Images from NASA's Cassini spacecraft show that Saturn's moon Enceladus may have liquid water erupting from giant Yellowstone-like geysers, raising the tantalizing possibility that the icy moon could support some form of life, scientists said Thursday.
"We realize that this is a radical conclusion," said Carolyn Porco, a researcher at the Space Science Institute in Boulder, Colo., and head of the Cassini imaging team. "If we're right, we think we are looking at another environment in the solar system where we have liquid water and the potential for living organisms."
The images, taken over the last year, show eruptions in the southern polar region from volcanoes spitting water and ice particles up to 260 miles in space, according to a report published today in the journal Science.
Showing just how powerful the subsurface forces are, the plumes are almost as big as the moon itself, the scientists said.
Though scientists have found evidence of liquid water on other objects in the solar system, Porco said the confluence of water, heat from volcanic activity and previously detected organic compounds made Enceladus a prime candidate for NASA's search for life.
"This has the potential to redirect space exploration," Porco said.
Scientists cautioned that there was no way to know how much water was near the surface of the small moon or how long it had been there. There is no way to tell whether its environment is hospitable to life, they said.
"I don't think we know enough yet," said David Morrison, a senior scientist at NASA's Astrobiology Institute at the Ames Research Center near Mountain View, Calif.
But Porco said the presence of all three prime indicators for life made Enceladus a "better bet" than many other places in the solar system.
The Cassini spacecraft, managed by the Jet Propulsion Laboratory in La Canada Flintridge, has been observing Saturn and its 47 known moons since June 2004.
Until now, most of the major discoveries on the $3.3-billion mission involved Saturn's large moon, Titan, which is shrouded in an intriguing smog-like atmosphere of methane, ethane, acetylene and other hydrocarbons.
In January 2005, Cassini sent the European Space Agency's Huygens probe -- which had piggybacked a ride -- to Titan's surface. It found spongy ground covered by rocks of ice among which trickled hydrocarbon streams.
Enceladus, discovered in 1789 by British astronomer William Herschel, has long been a curiosity because of its variety of terrains, including craters as large as 20 miles across, fissures, plains and other formations. These features proved that the tiny moon -- about 310 miles in diameter -- had been geologically active fairly recently.
Scientists had clues that something unusual was happening around Saturn even before it reached the icy moon.
When Cassini approached the ringed planet, the probe discovered the Saturnian system was filled with oxygen atoms. At first, team members couldn't figure out where they were coming from.
Then, beginning in January 2005, Cassini's cameras caught evidence of erupting plumes at the moon's south pole.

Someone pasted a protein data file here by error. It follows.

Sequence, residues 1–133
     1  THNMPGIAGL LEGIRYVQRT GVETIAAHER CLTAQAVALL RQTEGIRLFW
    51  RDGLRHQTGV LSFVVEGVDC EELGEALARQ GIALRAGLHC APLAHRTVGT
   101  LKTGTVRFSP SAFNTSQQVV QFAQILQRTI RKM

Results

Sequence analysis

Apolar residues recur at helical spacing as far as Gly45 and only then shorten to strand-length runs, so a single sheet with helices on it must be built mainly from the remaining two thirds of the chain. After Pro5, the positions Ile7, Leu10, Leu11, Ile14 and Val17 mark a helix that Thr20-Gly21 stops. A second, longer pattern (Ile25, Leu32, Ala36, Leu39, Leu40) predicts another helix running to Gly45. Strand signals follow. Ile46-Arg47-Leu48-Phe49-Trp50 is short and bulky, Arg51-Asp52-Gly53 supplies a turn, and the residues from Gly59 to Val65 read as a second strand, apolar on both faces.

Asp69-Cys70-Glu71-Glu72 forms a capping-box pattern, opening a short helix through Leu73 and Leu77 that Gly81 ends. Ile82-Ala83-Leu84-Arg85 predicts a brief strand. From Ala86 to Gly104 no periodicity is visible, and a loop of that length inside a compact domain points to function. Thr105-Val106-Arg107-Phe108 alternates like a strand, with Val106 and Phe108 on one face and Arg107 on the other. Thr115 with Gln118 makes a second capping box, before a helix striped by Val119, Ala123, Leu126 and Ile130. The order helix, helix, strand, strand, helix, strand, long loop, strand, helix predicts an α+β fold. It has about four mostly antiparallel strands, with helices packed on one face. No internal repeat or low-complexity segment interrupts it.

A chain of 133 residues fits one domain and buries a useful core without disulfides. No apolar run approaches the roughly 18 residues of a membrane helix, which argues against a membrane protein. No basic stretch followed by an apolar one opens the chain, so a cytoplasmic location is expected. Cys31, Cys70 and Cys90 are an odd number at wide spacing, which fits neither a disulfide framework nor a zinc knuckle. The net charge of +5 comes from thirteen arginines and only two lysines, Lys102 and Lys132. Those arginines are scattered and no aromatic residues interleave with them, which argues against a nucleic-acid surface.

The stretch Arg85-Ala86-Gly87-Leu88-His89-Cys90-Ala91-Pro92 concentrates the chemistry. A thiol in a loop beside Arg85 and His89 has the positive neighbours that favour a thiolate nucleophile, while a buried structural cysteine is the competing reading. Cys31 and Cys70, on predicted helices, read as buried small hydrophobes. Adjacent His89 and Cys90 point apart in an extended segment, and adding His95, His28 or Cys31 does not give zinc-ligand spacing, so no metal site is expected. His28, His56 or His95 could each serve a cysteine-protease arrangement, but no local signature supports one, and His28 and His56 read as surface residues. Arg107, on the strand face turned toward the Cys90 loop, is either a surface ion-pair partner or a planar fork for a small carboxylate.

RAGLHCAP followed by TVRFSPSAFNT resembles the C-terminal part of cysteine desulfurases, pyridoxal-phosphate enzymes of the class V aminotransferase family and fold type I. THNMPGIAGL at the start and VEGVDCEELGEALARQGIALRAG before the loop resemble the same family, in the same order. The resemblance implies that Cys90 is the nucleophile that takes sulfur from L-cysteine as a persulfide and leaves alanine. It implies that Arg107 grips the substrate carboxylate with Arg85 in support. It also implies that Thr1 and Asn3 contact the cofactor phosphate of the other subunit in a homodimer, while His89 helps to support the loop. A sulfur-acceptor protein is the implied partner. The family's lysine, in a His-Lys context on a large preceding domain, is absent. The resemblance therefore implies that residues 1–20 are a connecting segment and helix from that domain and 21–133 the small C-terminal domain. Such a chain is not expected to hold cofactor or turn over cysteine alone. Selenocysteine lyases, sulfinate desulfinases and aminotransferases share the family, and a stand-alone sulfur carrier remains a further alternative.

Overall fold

"Now we know Enceladus is spewing out water molecules, which break down into oxygen and hydrogen," said Candy Hansen, a Cassini scientist at JPL.
The findings were delayed several months while scientists debated potential causes of the eruptions. Only recently, according to researchers at JPL, did the scientists decide that the force behind the eruptions was liquid water.
They surmise that the moon's hot rocky interior is heating up pools of water, causing the water to expand and force its way to the surface through cracks in the landscape, emerging as colossal geysers.
"Pockets of liquid water may be no more than tens of meters below the surface," said atmospheric scientist Andrew Ingersoll of Caltech in Pasadena.
Still unknown is the source of the heat. The scientists knew it must be powerful to overcome the moon's frigid surface temperatures of minus 330 degrees Fahrenheit.
At 890 million miles from the sun, Enceladus should be nothing more than a cosmic ice cube. Instead, it is thrashing and roiling like a burbling tea kettle.
Scientists now think it might be a product of radioactive decay and the effects of Saturn's gravity, tugging on the inner structure of the moon and generating heat. The moon is a relatively close 148,000 miles from its parent planet.
"Enceladus is being flexed, like one might flex a rubber band or a paper clip to make it warm," Porco said.
The volcanism makes Enceladus unusual. Cassini scientist John Spencer of the Southwest Research Institute in Boulder said: "We previously knew of at most three places where active volcanism exists: Jupiter's moon Io, Earth and possibly Neptune's moon Triton."
But the possible presence of liquid water is the highlight of the new research.
Until now, scientists have suspected liquid water only on Jupiter's moons Callisto, Europa and Ganymede. Mars is also a possibility, but so far only ice has been detected.
Enceladus' combination of features have made Cassini's scientific team hunger for a closer inspection of the tiny moon.
The next chance to observe Enceladus up-close will be in 2008, when the spacecraft passes within 220 miles of the moon's surface.
"There's no question, along with the moon Titan, Enceladus should be a very high priority for us" in future space missions, said Jonathan Lunine, a Cassini scientist at the University of Arizona.
"Saturn has given us two exciting worlds to explore."